Mairead McGuinness MEP and Vice President of the European Parliament with responsibility for religious dialogue has condemned the violence being perpetrated against the Rohingya Muslims in Burma/Myanmar. McGuinness further called on all EU leaders to condemn the acts and to work with the international community to bring an end to the atrocities and provide humanitarian assistance for the hundreds of thousands of Rohingya refugees.
“The violence unleashed by the Burmese security forces on 25 August, following coordinated terrorist attacks on 30 police posts in Rakhine State, has continued unabated for three weeks now. Reports received by the UN tell of indiscriminate attacks against unarmed civilians including women and children. Whole villages have been burnt to the ground and we are receiving images of a human trail of misery across the border into neighbouring Bangladesh. This ethnic and religious minority has been rendered stateless since the 1982 Burmese Citizenship Law of the then-ruling military dictatorship.
McGuinness underlined that the European Parliament has consistently supported Burma on its journey to democracy, but described as "unacceptable" that one million Rohingyas living there continue to be deprived of citizenship.
"Last week, UN Secretary General Antonio Gutteres called for this root cause of the problem to be resolved by giving legal status to the Rohingyas. We have seen from our own European history that depriving people of their statehood and citizenship is the start of a process of dehumanisation which can ultimately lead to depriving them of their fundamental human rights," said McGuinness.
“Aung San Suu Kyi is the de-facto leader of Burma, having been elected to power with a huge majority in the Burmese national assembly, albeit under a flawed constitution written by the army which reserves considerable powers to themselves. In October 2013 she came to the European Parliament here in Strasbourg to receive her Sakharov Prize for Freedom of Thought, 23 years after it was awarded due to being imprisoned and under house arrest by the Burmese military.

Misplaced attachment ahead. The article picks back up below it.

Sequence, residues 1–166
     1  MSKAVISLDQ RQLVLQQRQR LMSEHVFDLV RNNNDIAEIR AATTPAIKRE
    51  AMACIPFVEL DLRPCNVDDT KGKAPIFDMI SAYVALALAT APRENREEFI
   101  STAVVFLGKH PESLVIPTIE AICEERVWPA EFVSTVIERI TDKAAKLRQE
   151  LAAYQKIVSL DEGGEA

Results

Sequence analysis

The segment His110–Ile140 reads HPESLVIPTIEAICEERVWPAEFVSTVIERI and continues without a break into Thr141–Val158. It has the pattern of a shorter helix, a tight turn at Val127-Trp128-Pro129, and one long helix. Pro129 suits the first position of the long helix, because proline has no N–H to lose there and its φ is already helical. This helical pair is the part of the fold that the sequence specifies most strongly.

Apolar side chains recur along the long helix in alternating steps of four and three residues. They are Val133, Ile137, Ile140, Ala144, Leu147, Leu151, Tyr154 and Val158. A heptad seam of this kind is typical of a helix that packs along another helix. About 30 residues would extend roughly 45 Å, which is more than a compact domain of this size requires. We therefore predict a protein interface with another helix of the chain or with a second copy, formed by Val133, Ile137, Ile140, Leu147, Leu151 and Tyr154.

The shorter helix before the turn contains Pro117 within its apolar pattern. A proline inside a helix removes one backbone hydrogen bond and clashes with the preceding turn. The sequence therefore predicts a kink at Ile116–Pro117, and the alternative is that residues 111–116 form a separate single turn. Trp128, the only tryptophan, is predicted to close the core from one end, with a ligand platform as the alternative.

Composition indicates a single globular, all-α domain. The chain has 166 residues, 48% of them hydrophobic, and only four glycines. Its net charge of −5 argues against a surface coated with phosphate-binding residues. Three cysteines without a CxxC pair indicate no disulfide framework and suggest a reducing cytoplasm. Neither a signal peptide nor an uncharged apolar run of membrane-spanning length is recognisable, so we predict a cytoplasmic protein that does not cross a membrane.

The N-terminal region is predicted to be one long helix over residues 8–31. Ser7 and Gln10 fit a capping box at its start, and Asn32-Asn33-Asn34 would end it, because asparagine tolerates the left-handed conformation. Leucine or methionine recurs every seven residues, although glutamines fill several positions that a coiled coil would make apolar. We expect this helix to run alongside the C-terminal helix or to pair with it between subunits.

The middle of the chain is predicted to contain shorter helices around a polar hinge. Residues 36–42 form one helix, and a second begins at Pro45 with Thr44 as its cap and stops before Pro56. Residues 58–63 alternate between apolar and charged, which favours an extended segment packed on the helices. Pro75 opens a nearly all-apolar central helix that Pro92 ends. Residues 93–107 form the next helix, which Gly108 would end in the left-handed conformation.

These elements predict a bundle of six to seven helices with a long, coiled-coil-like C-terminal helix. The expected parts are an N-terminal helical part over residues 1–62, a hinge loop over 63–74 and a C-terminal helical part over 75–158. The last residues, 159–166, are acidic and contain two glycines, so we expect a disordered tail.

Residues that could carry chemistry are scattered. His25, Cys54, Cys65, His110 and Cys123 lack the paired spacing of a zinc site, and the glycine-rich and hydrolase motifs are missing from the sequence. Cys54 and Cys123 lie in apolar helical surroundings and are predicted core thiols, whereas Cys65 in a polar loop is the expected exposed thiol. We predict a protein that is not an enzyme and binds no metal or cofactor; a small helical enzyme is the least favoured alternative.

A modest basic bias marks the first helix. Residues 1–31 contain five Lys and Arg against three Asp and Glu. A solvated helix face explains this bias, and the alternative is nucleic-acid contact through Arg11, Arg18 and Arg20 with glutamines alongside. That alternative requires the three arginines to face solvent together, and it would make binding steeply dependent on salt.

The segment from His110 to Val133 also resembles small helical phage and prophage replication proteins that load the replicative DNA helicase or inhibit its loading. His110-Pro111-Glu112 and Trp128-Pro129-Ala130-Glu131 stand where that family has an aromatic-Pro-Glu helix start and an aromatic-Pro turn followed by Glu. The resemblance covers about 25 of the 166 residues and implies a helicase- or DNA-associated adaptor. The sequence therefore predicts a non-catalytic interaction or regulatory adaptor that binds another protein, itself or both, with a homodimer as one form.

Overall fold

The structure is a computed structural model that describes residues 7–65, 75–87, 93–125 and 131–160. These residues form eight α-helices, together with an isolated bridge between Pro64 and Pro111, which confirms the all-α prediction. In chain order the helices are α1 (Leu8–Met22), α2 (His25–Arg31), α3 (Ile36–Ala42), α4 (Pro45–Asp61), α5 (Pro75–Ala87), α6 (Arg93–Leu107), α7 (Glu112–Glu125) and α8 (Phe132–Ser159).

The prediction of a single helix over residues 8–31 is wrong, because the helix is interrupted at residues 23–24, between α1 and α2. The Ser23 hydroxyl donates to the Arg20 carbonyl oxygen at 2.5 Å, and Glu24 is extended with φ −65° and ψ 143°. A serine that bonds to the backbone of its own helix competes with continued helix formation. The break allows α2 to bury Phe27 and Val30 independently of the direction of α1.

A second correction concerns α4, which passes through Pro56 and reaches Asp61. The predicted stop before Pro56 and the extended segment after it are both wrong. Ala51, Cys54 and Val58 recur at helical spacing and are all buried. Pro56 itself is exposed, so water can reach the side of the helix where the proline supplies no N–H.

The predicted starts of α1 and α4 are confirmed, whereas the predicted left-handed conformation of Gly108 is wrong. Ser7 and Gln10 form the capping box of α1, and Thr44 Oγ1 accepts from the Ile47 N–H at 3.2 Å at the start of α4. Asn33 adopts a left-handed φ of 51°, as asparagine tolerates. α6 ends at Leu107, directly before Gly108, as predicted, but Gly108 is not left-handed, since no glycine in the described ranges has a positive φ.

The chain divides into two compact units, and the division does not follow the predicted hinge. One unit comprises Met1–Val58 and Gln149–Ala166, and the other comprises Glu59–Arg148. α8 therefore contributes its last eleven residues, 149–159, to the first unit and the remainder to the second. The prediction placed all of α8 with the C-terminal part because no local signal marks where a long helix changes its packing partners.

“I attended that ceremony and listened with emotion while she spoke to us passionately of her hope for a Burma where human rights are respected. Aung San Suu Kyi also conceded that Burma’s transition to democracy was far from complete and that the Burmese constitution needed to be reformed so that all Burmese could live in freedom according to their conscience. We understand the enormous difficulties she faces in trying to steer Burma further along that path, in trying to bring under civilian control an army habituated to decades of brutal and ruthless power."
MEP McGuinness urged Aung San Suu Kyi to speak out against the violence, which is taking place on the territory of the country she governs; where according to the UNHCR over 270,000 people have fled into Bangladesh in less than three weeks.
"At the same time, EU leaders need to pressure the Burmese authorities to end the violence, ensure that the Rohingyas receive the necessary humanitarian assistance, and are guaranteed the right to return safely to their homes. The international community should make clear that its support for Aung San Suu Kyi and her Government is not unconditional, that the military operations must end, and that the perpetrators of these crimes must be brought to justice," she added.